The Anti-Megalosaurus Force (a branch of the Japanese Self-Defense Force) built the bio-mechanical robot around the remains of the original Godzilla that attacked Japan and was defeated with the Oxygen Destroyer in 1954. Its purpose was to answer to the threat of a second Godzilla, but as the proverb goes, the best-laid plans of mice and men often go awry.
The original Godzilla’s spirit remained in his bones and was awakened when hearing the roar of a living member of his species. Taking control of the machine that now housed his remains, he went berserk and leveled the city Kiryu was supposed to defend.
It was a bad start for the Anti-Megalosaurus Force’s shiny new toy, but luckily that wasn’t the end of it. To be fair, there was no alternative but to try again. Otherwise, Godzilla would’ve won.
Designed by artist Shinji Nishikawa, Kiryu sports a sophisticated and sleek look despite being a war machine that’s armed to the teeth – quite the far cry from its bulkier predecessors. With a longer tail and a closer appearance to its organic rival, Kiryu is equipped with a variety of weapons that include railguns, a twin maser cannon, homing missiles, and a blade. Kiryu’s ultimate asset, however, is the Absolute Zero cannon, a beam that instantly freezes the target.
This version of Mechagodzilla is the first and only one to have a nickname to date. Kiryu means “Machine dragon” and is the name characters use to refer to it in the film. Its officially designated name is MFS-3 or Multipurpose Fighting System Type-3.
Curiously enough, in the Pipeworks’ video games Godzilla: Destroy All Monsters Melee and Godzilla: Save the Earth, Kiryu is named “Mechagodzilla 3.” This, however, was changed in Godzilla Unleashed, where the character received the Kiryu moniker.
Probably to avoid being “more of the same,” Kiryu was made the underdog and given a more heroic feel. Its pilot, Akane Yashiro (Yumiko Shaku) is a disgraced soldier who seeks redemption after accidentally killing around eight of her JSDF colleagues during a battle against Godzilla.
It’s not the most original setup (a character who’s initially hated or underestimated eventually earns the respect of those around him/her), but it works really well and you can’t help but to root for Akane and Kiryu. Also, the casting of a woman as the main character and the one who pilots the mecha to fight the king of the monsters and sees most of the action cannot be understated. It’s something the MonsterVerse has yet to do – and don’t get me wrong, I think there are great female characters (Jia being a recent example), but their roles have been supporting ones. The leads have so far been men.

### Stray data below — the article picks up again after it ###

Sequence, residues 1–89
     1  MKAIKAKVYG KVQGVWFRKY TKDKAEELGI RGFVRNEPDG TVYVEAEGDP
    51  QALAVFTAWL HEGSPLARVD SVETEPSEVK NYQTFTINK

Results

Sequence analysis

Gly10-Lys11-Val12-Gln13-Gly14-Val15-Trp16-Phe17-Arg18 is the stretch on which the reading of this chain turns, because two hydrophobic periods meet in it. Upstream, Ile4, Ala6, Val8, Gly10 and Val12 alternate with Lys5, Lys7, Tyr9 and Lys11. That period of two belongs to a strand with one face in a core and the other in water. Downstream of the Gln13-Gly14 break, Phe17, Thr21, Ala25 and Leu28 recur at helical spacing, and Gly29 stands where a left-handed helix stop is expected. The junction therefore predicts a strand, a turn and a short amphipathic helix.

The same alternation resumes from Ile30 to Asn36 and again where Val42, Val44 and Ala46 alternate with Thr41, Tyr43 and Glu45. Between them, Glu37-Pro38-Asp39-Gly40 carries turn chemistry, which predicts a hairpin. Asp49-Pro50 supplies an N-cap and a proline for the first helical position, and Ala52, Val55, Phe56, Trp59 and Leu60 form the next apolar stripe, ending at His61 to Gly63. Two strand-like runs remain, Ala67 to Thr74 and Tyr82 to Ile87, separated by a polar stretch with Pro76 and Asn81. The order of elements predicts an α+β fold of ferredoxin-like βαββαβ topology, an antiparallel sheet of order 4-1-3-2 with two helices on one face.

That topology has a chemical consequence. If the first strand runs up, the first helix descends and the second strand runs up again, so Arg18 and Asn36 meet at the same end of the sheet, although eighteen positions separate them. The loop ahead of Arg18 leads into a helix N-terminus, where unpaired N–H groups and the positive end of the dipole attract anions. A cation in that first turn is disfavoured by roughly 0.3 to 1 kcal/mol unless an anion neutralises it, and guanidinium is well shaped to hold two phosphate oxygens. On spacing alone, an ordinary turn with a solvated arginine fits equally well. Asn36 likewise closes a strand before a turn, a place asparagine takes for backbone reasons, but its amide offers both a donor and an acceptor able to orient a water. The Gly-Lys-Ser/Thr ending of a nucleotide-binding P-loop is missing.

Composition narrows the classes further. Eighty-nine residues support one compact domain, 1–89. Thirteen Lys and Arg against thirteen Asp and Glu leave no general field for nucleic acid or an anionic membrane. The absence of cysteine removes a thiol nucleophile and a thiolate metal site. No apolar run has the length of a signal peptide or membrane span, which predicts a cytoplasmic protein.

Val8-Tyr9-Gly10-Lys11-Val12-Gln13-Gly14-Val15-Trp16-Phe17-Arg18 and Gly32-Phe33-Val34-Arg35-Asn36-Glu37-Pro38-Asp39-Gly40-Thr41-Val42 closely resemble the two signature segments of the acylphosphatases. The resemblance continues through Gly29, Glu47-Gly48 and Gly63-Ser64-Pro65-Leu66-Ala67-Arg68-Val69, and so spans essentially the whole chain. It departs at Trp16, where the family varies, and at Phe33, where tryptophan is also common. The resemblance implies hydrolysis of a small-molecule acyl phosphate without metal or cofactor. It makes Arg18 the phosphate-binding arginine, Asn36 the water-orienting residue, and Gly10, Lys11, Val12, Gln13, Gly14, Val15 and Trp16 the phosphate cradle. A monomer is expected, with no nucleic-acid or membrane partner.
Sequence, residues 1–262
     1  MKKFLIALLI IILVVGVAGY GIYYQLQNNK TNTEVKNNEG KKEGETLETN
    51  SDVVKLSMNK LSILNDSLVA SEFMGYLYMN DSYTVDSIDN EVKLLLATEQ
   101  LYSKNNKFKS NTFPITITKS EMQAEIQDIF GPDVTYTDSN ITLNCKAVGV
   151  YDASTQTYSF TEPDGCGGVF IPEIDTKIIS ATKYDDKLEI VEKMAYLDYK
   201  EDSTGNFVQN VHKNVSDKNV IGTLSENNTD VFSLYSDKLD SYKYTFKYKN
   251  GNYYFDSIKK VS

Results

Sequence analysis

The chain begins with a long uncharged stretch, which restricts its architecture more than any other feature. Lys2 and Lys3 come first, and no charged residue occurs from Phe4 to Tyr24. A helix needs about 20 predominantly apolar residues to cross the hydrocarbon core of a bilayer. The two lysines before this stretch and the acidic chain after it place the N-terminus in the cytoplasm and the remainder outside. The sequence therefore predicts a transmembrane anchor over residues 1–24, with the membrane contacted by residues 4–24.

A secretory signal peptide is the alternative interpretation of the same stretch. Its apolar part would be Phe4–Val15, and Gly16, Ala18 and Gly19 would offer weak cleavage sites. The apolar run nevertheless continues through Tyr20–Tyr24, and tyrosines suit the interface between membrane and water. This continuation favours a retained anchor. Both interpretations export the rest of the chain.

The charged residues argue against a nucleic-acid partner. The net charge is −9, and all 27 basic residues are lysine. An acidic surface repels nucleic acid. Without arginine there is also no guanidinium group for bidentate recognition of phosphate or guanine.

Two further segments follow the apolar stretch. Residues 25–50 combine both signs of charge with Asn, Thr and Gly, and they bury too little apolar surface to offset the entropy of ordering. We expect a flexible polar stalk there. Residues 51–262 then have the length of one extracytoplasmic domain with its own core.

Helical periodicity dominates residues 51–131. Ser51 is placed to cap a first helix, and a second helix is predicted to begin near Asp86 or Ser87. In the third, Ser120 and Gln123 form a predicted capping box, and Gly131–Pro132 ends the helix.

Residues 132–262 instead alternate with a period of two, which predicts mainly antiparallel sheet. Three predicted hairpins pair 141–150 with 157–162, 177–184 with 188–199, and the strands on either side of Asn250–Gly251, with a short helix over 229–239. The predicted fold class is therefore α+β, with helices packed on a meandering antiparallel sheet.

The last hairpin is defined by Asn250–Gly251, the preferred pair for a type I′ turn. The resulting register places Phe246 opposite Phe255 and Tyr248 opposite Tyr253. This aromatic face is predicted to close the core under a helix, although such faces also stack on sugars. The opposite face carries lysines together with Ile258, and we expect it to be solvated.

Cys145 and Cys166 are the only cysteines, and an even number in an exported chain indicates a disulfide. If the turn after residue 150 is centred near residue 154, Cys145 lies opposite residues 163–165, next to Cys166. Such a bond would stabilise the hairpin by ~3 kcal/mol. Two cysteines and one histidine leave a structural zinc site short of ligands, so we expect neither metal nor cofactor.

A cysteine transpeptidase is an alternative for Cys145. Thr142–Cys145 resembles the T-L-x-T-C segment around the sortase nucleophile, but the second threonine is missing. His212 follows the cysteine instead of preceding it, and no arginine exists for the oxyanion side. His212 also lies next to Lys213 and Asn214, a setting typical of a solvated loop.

Perhaps the most surprising fact about Kiryu is that it’s the one (and only to date) Mechagodzilla that has defeated Godzilla (albeit not by killing him) not once, but twice.
Despite its significant flaws (limited battery life and having a literal ghost in the machine), Kiryu put a stop to Godzilla’s rampages by forcing him back to the sea in Godzilla Against Mechagodzilla and by gravely injuring him in the direct sequel Godzilla: Tokyo S.O.S. with the help of the twin Mothra larvae. The mecha refused to finish him off, however, taking him to the sea instead.
After saying farewell to its second pilot (Yoshito Chujo), Kiryu plunged into the depths together with Godzilla, presumably to resume his sleep, this time permanently. And without losing its head!
Kiryu is a fan favorite and it’s easy to see why. It sports a modern and badass look, some impressive weaponry, and (most importantly) it’s not the villain for once.
The Millennium series was short-lived, but it’s interesting to note that in the most memorable films of that period (for me at least), GMK and Godzilla Against Mechagodzilla, the big fella was the villain and his foes were the good guys. I’d love to see the roles reversed again in the future.
Reiwa Period (2016-Present)
Mechagodzilla has (so far) appeared in Polygon Pictures’ animated trilogy (specifically in the second entry Godzilla: City on the Edge of Battle) in what’s perhaps the most radically different take on the character yet. Designed by director Hiroyuki Seshita, it was inspired by sea urchins and the concept art reflects that – it’s all spikes and pointy edges. And though it keeps a dinosaur-like shape, its head is nothing like Godzilla’s, looking flat and elongated, with tusk-like spikes sticking out from its jaw.